March Madness is underway and some of the top programs in the tourney are anchored by "one-and-done" stars. Top high school prospects heading to college for just one year before making the leap to the pros is nothing new, but it's more prevalent than ever since the NBA enacted new eligibility rules in the 2005 collective bargaining agreement. You can no longer jump from high school to the pros, as we all did in our childhood daydreams ("Take a hike, Rick Pitino. I'm gettin' paid"). Instead, a player must be 19-years-old at the time of the draft and be one year removed from his high school graduation.
The league reasons that players need to be viewed against quality competition before being properly evaluated for the quantum leap to the NBA. It's a fair point, regardless of which side of the argument you find yourself on. You can rattle off the success stories, from Kevin Garnett to Kobe Bryant to Tracy McGrady to LeBron James, but not everyone can make a seamless transition to the league without getting a healthy dose of reality at the college level. Some also argue that the rule keeps the talent level of the NCAA higher, but that doesn't necessarily concern the league and it's not always a sure fire way to keep the college ranks filled with superstar talent (see: the 2013 draft class).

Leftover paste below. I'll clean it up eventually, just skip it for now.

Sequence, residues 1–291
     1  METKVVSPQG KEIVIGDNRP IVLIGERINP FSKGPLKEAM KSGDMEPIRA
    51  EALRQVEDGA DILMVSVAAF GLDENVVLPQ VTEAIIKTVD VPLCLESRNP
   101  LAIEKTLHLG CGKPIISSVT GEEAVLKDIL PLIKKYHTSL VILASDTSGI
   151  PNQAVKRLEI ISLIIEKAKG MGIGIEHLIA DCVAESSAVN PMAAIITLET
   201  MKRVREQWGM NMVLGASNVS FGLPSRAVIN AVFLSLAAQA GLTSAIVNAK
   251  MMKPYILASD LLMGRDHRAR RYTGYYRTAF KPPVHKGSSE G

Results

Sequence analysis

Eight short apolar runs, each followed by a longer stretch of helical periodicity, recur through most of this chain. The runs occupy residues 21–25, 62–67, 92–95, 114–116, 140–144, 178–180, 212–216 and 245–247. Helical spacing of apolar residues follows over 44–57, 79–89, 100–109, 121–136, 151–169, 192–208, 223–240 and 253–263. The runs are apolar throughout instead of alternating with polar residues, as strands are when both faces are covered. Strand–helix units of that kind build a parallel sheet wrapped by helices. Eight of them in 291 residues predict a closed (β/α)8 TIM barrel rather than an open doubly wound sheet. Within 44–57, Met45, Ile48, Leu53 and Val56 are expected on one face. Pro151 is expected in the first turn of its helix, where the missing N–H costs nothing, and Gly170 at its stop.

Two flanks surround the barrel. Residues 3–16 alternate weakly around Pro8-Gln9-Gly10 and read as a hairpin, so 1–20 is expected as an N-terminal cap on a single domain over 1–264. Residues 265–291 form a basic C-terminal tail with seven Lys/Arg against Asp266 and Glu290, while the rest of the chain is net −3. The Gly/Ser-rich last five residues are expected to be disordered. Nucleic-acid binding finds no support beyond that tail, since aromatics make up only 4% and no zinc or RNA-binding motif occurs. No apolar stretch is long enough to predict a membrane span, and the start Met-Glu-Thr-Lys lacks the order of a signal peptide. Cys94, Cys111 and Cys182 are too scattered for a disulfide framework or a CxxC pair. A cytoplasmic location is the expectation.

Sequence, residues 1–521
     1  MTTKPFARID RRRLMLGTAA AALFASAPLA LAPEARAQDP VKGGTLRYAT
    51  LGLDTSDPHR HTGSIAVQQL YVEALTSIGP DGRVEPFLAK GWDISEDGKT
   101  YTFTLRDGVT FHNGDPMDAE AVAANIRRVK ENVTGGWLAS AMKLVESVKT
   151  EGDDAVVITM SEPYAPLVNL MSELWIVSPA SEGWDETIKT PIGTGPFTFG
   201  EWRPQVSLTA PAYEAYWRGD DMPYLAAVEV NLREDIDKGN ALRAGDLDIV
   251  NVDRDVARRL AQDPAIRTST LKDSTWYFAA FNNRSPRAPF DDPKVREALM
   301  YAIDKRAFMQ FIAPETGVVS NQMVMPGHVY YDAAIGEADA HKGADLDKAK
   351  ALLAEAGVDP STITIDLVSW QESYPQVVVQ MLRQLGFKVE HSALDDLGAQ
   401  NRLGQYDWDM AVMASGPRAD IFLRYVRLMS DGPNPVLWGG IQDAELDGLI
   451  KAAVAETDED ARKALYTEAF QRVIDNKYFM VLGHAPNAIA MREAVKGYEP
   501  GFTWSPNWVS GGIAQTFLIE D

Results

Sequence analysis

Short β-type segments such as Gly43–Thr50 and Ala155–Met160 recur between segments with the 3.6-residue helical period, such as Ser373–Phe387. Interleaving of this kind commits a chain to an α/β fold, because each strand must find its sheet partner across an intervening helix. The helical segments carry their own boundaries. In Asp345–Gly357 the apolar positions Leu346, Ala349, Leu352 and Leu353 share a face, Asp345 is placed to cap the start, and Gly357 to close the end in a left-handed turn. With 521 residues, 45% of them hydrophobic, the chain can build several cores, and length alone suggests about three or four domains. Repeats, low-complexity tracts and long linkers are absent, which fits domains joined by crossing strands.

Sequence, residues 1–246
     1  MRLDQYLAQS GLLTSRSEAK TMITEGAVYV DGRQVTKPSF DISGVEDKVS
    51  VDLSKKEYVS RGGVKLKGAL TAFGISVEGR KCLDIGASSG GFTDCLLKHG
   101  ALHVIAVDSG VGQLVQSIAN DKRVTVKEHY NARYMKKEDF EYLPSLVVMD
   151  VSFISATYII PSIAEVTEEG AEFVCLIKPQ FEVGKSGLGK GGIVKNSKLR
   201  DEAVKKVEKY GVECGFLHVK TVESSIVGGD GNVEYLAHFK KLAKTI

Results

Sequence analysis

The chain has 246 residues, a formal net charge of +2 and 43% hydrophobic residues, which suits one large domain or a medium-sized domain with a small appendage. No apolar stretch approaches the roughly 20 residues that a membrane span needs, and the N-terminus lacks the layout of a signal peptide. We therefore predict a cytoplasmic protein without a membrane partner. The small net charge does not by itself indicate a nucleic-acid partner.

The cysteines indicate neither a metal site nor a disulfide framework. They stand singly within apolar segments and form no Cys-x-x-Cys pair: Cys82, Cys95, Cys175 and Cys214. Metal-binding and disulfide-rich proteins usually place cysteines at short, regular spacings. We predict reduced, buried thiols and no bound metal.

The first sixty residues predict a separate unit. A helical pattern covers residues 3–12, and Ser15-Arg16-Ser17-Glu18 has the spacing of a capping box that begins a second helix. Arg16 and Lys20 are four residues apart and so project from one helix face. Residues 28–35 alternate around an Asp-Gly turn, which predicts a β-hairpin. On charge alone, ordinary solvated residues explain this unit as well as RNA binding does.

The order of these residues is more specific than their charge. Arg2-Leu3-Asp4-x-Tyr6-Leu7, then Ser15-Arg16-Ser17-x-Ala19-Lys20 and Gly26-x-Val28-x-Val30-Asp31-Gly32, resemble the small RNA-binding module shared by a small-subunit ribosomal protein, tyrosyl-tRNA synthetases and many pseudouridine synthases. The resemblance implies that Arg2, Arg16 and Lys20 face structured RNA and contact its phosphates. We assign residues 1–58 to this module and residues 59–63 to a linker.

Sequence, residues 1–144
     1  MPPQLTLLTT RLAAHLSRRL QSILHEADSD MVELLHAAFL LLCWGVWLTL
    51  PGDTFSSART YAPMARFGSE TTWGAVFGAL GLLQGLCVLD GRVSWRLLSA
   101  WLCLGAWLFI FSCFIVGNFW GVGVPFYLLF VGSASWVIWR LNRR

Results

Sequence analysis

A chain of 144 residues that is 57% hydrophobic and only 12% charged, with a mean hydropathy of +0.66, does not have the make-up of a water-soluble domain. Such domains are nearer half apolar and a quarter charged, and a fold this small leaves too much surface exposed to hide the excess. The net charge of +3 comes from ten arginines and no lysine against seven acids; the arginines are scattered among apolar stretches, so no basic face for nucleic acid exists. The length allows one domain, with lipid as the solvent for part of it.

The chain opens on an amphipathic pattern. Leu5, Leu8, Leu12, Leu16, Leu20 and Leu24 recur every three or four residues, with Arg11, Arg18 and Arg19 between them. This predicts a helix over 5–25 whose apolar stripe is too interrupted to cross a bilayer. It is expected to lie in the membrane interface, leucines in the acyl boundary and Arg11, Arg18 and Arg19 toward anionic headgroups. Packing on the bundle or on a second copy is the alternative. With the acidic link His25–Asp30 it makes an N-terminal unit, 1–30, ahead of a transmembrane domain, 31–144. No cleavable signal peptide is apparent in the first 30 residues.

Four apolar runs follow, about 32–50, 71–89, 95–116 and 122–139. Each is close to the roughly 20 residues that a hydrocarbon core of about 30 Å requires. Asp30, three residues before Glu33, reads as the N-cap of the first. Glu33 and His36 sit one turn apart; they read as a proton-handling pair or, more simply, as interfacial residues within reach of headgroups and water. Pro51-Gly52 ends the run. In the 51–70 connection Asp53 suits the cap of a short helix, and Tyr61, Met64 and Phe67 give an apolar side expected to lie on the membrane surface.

Some would argue that the draft limit needlessly keeps players who are NBA-ready out of the league for an extra year, only for them to make them go through the charade of upholding the first half of the student-athlete title. It also seems unfair to some that an 18-year-old would be denied the ability to earn a living in the highest ranks of professional basketball.
Meanwhile, there are some who are past David Stern's place on the spectrum who would even like to see the NBA bar players from entering the draft until they are 20 or 21. It would be a dramatic turn from what we're accustomed but there's no denying that those draft crops would have players who are better prepared to contribute to teams in year one.
In the real world, the future of the NBA draft is a matter that will be handled by the owners, Commissioner Stern, his heir apparent Adam Silver, and the player's union. But we want to know where you stand on it.